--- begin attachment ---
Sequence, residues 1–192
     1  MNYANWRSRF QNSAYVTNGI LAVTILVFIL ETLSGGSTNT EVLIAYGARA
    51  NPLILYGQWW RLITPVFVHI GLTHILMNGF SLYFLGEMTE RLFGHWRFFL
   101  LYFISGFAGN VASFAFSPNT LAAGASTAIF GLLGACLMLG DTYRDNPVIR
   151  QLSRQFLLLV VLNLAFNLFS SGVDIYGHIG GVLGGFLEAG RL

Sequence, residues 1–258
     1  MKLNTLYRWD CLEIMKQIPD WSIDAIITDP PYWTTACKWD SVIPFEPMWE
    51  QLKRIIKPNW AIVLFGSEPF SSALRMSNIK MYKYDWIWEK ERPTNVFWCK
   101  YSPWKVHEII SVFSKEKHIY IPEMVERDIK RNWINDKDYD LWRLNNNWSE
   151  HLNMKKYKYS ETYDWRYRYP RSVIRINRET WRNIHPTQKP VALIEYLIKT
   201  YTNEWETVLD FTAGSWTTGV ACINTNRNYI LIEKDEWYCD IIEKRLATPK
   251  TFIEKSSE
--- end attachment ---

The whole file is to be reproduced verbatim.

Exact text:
Sequence, residues 1–192
     1  MNYANWRSRF QNSAYVTNGI LAVTILVFIL ETLSGGSTNT EVLIAYGARA
    51  NPLILYGQWW RLITPVFVHI GLTHILMNGF SLYFLGEMTE RLFGHWRFFL
   101  LYFISGFAGN VASFAFSPNT LAAGASTAIF GLLGACLMLG DTYRDNPVIR
   151  QLSRQFLLLV VLNLAFNLFS SGVDIYGHIG GVLGGFLEAG RL

Sequence, residues 1–258
     1  MKLNTLYRWD CLEIMKQIPD WSIDAIITDP PYWTTACKWD SVIPFEPMWE
    51  QLKRIIKPNW AIVLFGSEPF SSALRMSNIK MYKYDWIWEK ERPTNVFWCK
   101  YSPWKVHEII SVFSKEKHIY IPEMVERDIK RNWINDKDYD LWRLNNNWSE
   151  HLNMKKYKYS ETYDWRYRYP RSVIRINRET WRNIHPTQKP VALIEYLIKT
   201  YTNEWETVLD FTAGSWTTGV ACINTNRNYI LIEKDEWYCD IIEKRLATPK
   251  TFIEKSSE